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Chávez Flores of internal affairs Chávez Flores of internal affairs: 87 investigations. impacto

A-G shakeup part of corruption probe

Charges pending against 126 staff following five months of investigations

More details surfaced today surrounding the shake-up of the federal Attorney General’s office (PGR): five months of investigations have revealed cases of illicit gain, extortion and other crimes by staff within the department.

What was reported yesterday as a move to professionalize the administration of the criminal justice system is in fact an effort to combat corruption.

The head of the PGR’s internal affairs department said in an interview with El Universal that 87 investigations of 126 civil servants have been submitted to the courts since April. Among them are 25 agents of the Public Prosecutor, 42 agents of the Federal Ministerial Police, four senior managers, 12 middle managers and 29 employees at the administrative level.

All are presumed responsible for various crimes.

Asked if the effort was a serious one, César Alejandro Chávez Flores of internal affairs insisted that the drive to combat corruption at the PGR was not a campaign but an institutional attitude change that must become permanent.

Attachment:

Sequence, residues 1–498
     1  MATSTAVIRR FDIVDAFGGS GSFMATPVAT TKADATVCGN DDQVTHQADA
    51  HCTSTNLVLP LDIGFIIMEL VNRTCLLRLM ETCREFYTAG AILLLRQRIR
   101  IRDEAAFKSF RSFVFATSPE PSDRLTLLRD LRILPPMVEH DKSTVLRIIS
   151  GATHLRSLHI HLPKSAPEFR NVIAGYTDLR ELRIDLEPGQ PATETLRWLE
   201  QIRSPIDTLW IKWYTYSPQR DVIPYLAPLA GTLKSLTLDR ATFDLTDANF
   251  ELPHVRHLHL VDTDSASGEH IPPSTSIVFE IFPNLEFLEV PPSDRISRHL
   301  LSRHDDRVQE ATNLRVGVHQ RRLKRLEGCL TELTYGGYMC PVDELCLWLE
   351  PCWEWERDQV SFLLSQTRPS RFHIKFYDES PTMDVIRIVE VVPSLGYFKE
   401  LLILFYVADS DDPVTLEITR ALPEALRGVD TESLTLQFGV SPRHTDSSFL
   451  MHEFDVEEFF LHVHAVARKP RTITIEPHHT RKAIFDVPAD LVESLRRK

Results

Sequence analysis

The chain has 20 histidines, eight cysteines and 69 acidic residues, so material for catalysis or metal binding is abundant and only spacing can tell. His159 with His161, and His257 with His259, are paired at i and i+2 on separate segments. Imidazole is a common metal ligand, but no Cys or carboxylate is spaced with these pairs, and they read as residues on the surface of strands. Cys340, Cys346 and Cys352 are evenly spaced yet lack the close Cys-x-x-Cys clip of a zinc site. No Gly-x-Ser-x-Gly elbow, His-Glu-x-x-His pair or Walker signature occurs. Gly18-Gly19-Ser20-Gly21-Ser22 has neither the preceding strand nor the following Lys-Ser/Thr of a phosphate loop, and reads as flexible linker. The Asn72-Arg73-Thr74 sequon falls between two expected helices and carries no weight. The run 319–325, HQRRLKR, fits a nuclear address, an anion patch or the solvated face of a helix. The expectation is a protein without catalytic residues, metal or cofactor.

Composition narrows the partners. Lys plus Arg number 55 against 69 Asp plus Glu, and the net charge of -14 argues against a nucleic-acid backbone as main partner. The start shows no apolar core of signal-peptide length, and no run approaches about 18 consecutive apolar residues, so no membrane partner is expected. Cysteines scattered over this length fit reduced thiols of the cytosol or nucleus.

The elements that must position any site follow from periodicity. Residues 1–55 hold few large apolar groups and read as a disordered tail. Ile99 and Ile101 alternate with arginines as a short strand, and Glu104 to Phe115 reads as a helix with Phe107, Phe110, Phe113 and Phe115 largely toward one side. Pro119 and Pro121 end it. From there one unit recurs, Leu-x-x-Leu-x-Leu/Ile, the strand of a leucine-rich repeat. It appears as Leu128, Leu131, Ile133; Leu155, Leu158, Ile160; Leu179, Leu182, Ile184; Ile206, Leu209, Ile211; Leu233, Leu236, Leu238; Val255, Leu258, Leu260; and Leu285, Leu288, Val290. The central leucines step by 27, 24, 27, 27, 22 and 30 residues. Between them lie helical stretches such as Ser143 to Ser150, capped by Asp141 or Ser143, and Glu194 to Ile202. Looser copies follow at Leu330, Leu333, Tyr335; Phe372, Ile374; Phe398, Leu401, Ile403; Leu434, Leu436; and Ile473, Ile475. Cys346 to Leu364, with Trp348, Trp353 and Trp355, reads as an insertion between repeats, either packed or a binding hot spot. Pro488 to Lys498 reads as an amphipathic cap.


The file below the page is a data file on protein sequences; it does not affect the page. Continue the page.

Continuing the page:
He said that more cases of illegal activity were being uncovered as a result of the reconfiguration of the internal affairs department.

A greater emphasis on intelligence work has led to accusations of illicit gain against two agents of the Public Prosecutor, two Federal Ministerial Police officers and a director general.

Among the crimes being uncovered are cases of extortion in which payment is demanded of individuals to avoid investigations which in fact do not exist, or to prevent charges from being laid. Others included illegal arrest and arresting foreign nationals without allowing them to contact embassy or consular officials.

The internal affairs investigations have also revealed the use of madrinas, individuals who have no official connection with police or investigators but are hired as auxiliaries to carry out illicit activities on their behalf.

Often dressed in police uniforms, they are tasked with making contact with extortion victims to protect the identity of corrupt officials.

Source: El Universal (sp)

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